The Israel Defense Forces’ official report on the killing of Palestinian-American journalist Shireen Abu Akleh admitted that she was likely shot by an Israeli soldier. Despite this admission, accountability for her death has only become more unlikely.
Shane O’Callaghan, 28 September 2022
Four months after Palestinian-American journalist for Al Jazeera Shireen Abu Akleh was shot and killed while reporting on a raid by the Israel Defense Forces (IDF) in the West Bank town of Jenin, people in Palestine and around the world are still honoring her and demanding accountability. Her supporters continue to gather, paint murals of her, name streets after her and pressure the Israeli and US governments to deliver “justice for Shireen.”
On 5 September 2022, the IDF released the long-awaited official findings of its investigation into Ms. Abu Akleh’s death and finally admitted that it is “highly likely” that their forces shot her. Unfortunately, any accountability for her killing seems more and more unlikely by the day.
Despite the fact that she wore a blue vest marked “press,” and multiple sources reported that there were no Palestinian militants near her, the IDF concluded that her killing was unintentional. The IDF said the soldier who likely fired the shot was “sorry” and decided that there would be no further action regarding the soldier’s conduct.
The IDF’s new findings are in stark contrast to their initial statements about her killing. In the immediate aftermath of Ms. Abu Akleh’s tragic death, the Israeli government claimed that it may have been Palestinian gunfire that killed her, while the Palestinians accused the IDF.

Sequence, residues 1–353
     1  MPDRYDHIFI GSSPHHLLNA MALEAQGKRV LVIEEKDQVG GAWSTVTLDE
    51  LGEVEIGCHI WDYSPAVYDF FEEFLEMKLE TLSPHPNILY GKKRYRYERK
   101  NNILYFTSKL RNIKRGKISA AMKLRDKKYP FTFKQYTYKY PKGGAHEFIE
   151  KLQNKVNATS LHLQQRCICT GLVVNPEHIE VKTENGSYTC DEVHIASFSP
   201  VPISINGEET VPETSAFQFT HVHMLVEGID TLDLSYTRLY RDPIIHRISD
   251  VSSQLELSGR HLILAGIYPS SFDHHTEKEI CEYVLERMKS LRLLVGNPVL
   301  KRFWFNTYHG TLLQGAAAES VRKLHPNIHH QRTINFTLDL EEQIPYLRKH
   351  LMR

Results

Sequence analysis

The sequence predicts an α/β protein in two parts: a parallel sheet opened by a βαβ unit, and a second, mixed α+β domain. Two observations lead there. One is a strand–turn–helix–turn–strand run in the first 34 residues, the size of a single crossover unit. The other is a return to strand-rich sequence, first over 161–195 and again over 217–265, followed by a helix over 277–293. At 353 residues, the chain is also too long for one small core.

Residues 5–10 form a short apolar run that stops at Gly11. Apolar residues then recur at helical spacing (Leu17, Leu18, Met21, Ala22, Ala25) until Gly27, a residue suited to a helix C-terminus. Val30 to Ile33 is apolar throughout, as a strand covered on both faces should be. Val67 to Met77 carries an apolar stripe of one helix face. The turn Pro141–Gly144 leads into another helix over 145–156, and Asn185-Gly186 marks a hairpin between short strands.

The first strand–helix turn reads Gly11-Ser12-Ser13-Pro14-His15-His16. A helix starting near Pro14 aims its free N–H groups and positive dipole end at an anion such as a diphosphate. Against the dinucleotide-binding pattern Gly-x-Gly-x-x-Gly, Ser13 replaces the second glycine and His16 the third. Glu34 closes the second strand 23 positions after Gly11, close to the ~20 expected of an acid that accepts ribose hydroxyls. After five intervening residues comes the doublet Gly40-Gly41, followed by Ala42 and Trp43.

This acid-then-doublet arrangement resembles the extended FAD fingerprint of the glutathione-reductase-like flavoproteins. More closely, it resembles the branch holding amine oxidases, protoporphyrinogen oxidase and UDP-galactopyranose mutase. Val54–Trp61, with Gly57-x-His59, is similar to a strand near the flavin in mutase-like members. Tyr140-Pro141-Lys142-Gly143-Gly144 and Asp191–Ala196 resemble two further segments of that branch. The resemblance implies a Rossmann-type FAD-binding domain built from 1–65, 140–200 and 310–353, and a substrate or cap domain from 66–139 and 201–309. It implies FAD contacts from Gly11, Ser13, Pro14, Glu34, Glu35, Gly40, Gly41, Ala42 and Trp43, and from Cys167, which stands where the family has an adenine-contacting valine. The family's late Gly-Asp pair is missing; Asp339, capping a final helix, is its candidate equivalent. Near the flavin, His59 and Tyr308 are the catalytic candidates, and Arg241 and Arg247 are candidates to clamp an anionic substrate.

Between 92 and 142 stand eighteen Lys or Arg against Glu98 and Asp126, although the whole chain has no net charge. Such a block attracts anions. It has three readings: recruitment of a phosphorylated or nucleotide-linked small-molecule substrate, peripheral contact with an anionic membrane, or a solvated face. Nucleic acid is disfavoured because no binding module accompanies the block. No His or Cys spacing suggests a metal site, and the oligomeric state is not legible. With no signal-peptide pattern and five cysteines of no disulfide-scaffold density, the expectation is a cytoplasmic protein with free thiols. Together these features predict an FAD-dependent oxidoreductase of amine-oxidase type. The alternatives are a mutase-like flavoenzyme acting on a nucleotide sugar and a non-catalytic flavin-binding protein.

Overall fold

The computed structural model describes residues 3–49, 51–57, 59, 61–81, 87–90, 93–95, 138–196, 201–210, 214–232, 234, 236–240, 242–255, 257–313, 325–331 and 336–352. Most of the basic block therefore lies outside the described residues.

Following an initial Israeli probe in May, the IDF admitted that one of its soldiers may have killed Ms. Abu Akleh but also continued to suggest it could have been a Palestinian. Around the same time, the Palestinian attorney general, who had access to the bullet that killed her, reached a very different conclusion–the IDF deliberately killed a fleeing journalist who frequently covered alleged misconduct by the Israeli forces towards Palestinians.
Since the release of the IDF’s official report, the Palestinians have expressed their outrage and rejected the findings, with the Palestinian Authority (PA) calling it “a new Israeli attempt to evade responsibility for her murder.” The PA has said that it will continue to engage with international bodies regarding Abu Akleh’s death and has decided to refer the case to the International Criminal Court (ICC).
In addition to the Israeli and Palestinian probes, there have been a number of investigations by various reputable news organizations. Nearly all of these inquiries have determined that Shireen Abu Akleh’s death was most likely the result of a gunshot from the IDF. Al Jazeera and CNN even went one step further and suggested that the IDF may have deliberately targeted her.
An additional probe by the United Nations Office of the High Commissioner for Human Rights in June (OHCHR) also found that the IDF likely killed her. While calling for further investigation, the OHCHR did not say whether it believed the killing was intentional.